I came across a pretty cool article today about a man that created a durable soccer ball, capable of lasting 30 years. He got the idea after seeing a video of children in Darfur playing with a ball made of trash. He mentioned that many of the donated soccer balls that make it to these parts of the world are rendered useless after a short period of time due to the rough terrain.
In class today, we read part of the article and related information about the design process of the ball to what we have been learning about in science. It was a good real-world application of what the students are learning and a reminder of how science can be used to solve problems and make a positive impact on other people.
Here’s a link to the article, and check out the accompanying video too: Joy That Lasts, on the Poorest of Playgrounds
Many students expressed interest in purchasing one of these balls, known as One World Futbols. For every ball purchased, one is donated to children around the world. Kind of a cool way to give back. If you would like to purchase a One World Futbol, you can do so here: Buy One Give One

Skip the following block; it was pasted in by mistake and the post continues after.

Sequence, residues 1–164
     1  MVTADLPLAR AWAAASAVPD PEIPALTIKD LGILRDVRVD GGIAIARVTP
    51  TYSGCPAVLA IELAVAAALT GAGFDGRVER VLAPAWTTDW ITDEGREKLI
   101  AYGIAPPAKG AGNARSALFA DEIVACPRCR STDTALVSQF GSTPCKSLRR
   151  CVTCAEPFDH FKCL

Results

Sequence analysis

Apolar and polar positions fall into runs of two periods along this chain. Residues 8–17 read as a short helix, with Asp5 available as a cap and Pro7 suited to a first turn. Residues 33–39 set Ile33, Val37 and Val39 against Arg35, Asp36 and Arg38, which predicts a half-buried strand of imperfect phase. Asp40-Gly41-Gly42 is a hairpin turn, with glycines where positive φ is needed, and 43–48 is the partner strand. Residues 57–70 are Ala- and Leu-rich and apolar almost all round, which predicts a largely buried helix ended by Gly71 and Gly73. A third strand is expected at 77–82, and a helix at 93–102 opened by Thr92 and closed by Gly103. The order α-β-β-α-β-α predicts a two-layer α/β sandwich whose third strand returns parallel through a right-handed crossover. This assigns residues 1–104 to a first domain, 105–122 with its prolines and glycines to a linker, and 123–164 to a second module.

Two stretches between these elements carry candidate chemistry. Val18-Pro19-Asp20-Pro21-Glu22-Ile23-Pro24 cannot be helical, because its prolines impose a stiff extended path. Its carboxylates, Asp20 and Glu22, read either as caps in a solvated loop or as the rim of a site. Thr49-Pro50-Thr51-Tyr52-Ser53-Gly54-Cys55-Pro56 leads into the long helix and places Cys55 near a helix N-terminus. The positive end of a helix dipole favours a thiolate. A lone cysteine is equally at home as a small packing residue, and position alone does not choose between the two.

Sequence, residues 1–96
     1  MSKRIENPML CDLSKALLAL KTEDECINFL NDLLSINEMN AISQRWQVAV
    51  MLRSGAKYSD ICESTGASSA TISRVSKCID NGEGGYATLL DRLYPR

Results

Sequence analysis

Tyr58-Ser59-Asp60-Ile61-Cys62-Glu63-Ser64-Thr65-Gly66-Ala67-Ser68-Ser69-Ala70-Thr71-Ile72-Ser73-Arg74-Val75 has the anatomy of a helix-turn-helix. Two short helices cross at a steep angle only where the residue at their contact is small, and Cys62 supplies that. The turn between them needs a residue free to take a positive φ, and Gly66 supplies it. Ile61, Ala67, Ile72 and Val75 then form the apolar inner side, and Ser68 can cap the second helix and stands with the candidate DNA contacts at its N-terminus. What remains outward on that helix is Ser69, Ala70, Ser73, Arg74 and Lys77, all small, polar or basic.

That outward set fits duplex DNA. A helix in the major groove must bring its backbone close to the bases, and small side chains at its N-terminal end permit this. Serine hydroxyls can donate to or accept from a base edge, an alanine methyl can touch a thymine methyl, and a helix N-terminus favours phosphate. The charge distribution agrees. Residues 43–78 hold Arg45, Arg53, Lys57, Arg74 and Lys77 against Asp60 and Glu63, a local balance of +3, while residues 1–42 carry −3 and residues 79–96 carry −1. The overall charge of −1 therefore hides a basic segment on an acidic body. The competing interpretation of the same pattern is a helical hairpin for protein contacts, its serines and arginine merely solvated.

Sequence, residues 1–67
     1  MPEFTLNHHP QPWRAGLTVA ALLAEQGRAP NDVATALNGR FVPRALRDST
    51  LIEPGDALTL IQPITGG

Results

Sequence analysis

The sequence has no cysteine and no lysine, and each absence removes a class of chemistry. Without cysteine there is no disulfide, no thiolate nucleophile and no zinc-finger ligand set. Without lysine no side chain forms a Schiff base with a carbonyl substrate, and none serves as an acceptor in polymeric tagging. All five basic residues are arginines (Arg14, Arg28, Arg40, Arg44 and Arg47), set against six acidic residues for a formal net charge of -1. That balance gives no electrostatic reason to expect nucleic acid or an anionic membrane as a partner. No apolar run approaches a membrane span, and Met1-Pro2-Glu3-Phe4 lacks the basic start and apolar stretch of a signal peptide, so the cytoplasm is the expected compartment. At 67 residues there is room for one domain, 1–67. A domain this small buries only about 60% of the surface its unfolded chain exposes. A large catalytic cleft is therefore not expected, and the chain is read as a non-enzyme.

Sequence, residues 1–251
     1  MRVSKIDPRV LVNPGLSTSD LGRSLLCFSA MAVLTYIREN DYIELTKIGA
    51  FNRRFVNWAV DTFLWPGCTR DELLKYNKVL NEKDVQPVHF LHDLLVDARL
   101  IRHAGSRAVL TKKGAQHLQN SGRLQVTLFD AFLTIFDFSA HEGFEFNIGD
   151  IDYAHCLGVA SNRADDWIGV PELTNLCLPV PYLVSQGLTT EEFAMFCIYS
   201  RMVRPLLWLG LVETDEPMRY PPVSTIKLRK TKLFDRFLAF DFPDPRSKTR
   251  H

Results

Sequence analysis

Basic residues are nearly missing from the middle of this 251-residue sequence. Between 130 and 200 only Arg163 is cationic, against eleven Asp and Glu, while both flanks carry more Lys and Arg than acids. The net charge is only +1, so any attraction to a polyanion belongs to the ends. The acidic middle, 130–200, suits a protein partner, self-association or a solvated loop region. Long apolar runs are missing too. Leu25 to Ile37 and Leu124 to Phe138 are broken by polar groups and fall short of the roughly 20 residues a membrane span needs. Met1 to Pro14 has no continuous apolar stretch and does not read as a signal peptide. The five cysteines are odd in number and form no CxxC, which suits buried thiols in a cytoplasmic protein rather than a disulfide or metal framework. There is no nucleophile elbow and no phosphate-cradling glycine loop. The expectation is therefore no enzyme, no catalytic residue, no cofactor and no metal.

Just an aside: The article reminded me of my trip to Costa Rica in 2007. I jumped at an opportunity one afternoon to play in a pick-up soccer game with some local kids in a village called Boruca. The conditions were not third world by any means, but they were not posh either. We played on an old concrete court and were easily defeated by the skilled group of teenagers. I gave one of the three soccer balls I brought on the trip to the boys in my host family, never considering it would possibly be useless in a matter of weeks or months. Below is a picture from the game, with an arrow pointing at me (I’m not very good at soccer, by the way).